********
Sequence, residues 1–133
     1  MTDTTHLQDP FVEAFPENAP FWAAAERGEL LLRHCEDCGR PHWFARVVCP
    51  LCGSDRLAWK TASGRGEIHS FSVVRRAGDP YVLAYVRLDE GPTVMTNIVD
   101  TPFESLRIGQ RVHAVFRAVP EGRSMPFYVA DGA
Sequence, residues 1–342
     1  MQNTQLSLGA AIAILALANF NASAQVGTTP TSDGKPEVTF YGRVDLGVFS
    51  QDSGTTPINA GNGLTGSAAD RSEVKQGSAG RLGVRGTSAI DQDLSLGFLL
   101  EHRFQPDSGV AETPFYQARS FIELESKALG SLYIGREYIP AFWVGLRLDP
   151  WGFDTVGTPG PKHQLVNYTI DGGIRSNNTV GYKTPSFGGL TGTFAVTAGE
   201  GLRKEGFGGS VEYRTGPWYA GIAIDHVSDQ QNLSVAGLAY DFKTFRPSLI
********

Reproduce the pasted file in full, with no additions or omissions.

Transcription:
Sequence, residues 1–133
     1  MTDTTHLQDP FVEAFPENAP FWAAAERGEL LLRHCEDCGR PHWFARVVCP
    51  LCGSDRLAWK TASGRGEIHS FSVVRRAGDP YVLAYVRLDE GPTVMTNIVD
   101  TPFESLRIGQ RVHAVFRAVP EGRSMPFYVA DGA
Sequence, residues 1–342
     1  MQNTQLSLGA AIAILALANF NASAQVGTTP TSDGKPEVTF YGRVDLGVFS
    51  QDSGTTPINA GNGLTGSAAD RSEVKQGSAG RLGVRGTSAI DQDLSLGFLL
   101  EHRFQPDSGV AETPFYQARS FIELESKALG SLYIGREYIP AFWVGLRLDP
   151  WGFDTVGTPG PKHQLVNYTI DGGIRSNNTV GYKTPSFGGL TGTFAVTAGE
   201  GLRKEGFGGS VEYRTGPWYA GIAIDHVSDQ QNLSVAGLAY DFKTFRPSLI